I raided LaserFlair.

On Tuesday last week, I noticed that the LaserFlair at West Coast Plaza had signs up advertising some kind of sale. I bought 15 new DVDs for S$7 or S$10 each. It looked like they were about to clear out their rental DVDs, too, so I resolved to return.

I returned on Thursday. I asked the cashier if the shop would be selling the rental discs. She said yes. I asked if that meant I could buy some right then. She said yes. I asked her how much they were selling them for. She said S$5.

I bought 60.

Robin Hood: Men in Tights (1993)

This post is part of a series of posts on books and movies about the legend of Robin Hood. It discusses the 2006 movie Robin Hood: Men in Tights.

https://itunes.apple.com/us/movie/robin-hood-men-in-tights/id269854508

See also:

Continue reading Robin Hood: Men in Tights (1993)

Robin Hood (2006)

This post is part of a series of posts on books and movies about the legend of Robin Hood. It discusses the 2006 television show.

https://itunes.apple.com/us/tv-season/robin-hood-series-1/id275354656

See also:

Continue reading Robin Hood (2006)

Lots of Robin Hoods

For a while now, I’ve had two Robin Hood mass-market paperbacks on the same shelf (one by Roger Lancelyn Green and one by Howard Pyle). Just now my spreadsheet told me I also have one by Henry Gilbert that I bought in 2010. My copy of Green is from 2008 and Pyle must have been before July 2004. So I have three versions. Plus Robin McKinley’s Outlaws of Sherwood.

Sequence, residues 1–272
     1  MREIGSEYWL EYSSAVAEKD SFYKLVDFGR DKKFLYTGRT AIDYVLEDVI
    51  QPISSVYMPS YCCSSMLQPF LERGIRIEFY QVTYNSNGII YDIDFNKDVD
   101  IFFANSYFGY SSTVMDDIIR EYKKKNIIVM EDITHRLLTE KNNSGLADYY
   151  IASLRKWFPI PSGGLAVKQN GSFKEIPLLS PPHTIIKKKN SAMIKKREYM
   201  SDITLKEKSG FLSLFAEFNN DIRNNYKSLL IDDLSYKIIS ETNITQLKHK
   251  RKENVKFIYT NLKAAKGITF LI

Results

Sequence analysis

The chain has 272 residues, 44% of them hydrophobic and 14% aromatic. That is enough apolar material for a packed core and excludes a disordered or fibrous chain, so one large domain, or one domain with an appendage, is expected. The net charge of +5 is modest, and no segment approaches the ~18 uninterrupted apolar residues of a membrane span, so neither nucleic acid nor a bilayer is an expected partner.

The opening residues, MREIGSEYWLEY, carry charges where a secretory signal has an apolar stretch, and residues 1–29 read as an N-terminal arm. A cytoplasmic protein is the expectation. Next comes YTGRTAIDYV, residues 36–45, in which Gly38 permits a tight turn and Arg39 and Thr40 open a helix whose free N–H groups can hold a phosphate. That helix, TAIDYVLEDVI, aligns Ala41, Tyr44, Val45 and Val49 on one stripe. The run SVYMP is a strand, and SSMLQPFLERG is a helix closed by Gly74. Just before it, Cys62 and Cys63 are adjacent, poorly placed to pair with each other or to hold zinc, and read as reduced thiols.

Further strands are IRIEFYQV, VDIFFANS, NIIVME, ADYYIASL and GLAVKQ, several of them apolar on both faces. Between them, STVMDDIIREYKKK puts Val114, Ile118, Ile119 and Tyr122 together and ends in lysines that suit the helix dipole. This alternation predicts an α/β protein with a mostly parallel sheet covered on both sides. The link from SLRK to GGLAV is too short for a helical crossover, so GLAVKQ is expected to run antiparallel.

I also have three movie versions: Disney, Elwes and Flynn. And a 2006 TV series from the BBC!

Chandni Chowk to China (2009)

For me, buying this movie was a bit like buying a German-Spanish dictionary, in that it made me a consumer of the product of two cultures, neither of them mine.

Lest you think that’s just an analogy, I hereby present my German-Spanish dictionary.

Chandni Chowk to China is a Hindi musical martial arts comedy.

Just let that sink in for a moment.

The main character is a superstitious Indian guy named Sidhu who works as a lowly vegetable cutter in a place called Chandni Chowk in Delhi. He has a lot of self-pity but not a lot of motivation to improve his station in life. (One day while cutting potatoes, he finds one that looks like the elephant-headed god Ganesha, and uses the coincidence as an excuse to neglect his duties, which earns him a kick in the pants from his foster father.)

His life changes when two Chinese guys somehow decide he’s a Chinese hero reincarnated and a Chinese fortune-teller friend convinces him to go to China. It’s wacky but kinda fun.

https://itunes.apple.com/us/movie/chandni-chowk-to-china-2008/id312058686

See below for more about the movie, including SPOILERS.

Continue reading Chandni Chowk to China (2009)

Ghost in the Shell (1995)

I am reminded vaguely of:

  • Blade Runner, because the cyborg was contemplating its identity.
  • Firefly, because it was set in Hong Kong in the future, where there was both English and Chinese.
  • X-Men, because it had a theme of mutation and change as necessary for progress.
  • Childhood’s End, because evolution made a huge leap to something transcendental.
  • RahXephon, because it had weird music.
  • The Matrix, because of the green numbers and the neck plugs.

IMO, the exposition was too heavy-handed for the whole thing to come off as subtle and beautiful and deep.

I didn’t like the American voice actors’ performance, which seemed flat or dull, perfunctory. Also, the English subtitles were completely different from the English spoken track.

The source material is Japanese, but the setting really is Hong Kong… In one scene there’s even a jet coming in for a landing at Kai Tak Airport right over the city.

The special features on the disc showcased the beginning of the use of CGI and digital editing; the movie was a combination of hand-drawn and computer techniques.

https://itunes.apple.com/us/movie/ghost-in-the-shell-25th-anniversary-edition/id1219320615